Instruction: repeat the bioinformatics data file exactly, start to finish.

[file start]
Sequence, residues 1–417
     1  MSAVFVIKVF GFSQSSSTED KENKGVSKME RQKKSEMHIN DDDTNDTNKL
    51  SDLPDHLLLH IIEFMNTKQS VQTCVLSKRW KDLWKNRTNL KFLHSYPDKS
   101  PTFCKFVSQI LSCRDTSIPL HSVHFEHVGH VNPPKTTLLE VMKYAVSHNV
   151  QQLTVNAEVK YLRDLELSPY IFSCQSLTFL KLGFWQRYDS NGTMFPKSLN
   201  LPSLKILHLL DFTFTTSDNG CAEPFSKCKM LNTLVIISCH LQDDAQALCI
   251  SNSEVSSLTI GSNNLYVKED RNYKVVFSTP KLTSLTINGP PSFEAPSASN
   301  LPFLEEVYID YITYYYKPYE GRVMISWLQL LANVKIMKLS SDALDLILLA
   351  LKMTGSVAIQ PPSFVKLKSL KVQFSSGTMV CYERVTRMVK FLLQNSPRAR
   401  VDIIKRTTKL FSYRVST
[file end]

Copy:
Sequence, residues 1–417
     1  MSAVFVIKVF GFSQSSSTED KENKGVSKME RQKKSEMHIN DDDTNDTNKL
    51  SDLPDHLLLH IIEFMNTKQS VQTCVLSKRW KDLWKNRTNL KFLHSYPDKS
   101  PTFCKFVSQI LSCRDTSIPL HSVHFEHVGH VNPPKTTLLE VMKYAVSHNV
   151  QQLTVNAEVK YLRDLELSPY IFSCQSLTFL KLGFWQRYDS NGTMFPKSLN
   201  LPSLKILHLL DFTFTTSDNG CAEPFSKCKM LNTLVIISCH LQDDAQALCI
   251  SNSEVSSLTI GSNNLYVKED RNYKVVFSTP KLTSLTINGP PSFEAPSASN
   301  LPFLEEVYID YITYYYKPYE GRVMISWLQL LANVKIMKLS SDALDLILLA
   351  LKMTGSVAIQ PPSFVKLKSL KVQFSSGTMV CYERVTRMVK FLLQNSPRAR
   401  VDIIKRTTKL FSYRVST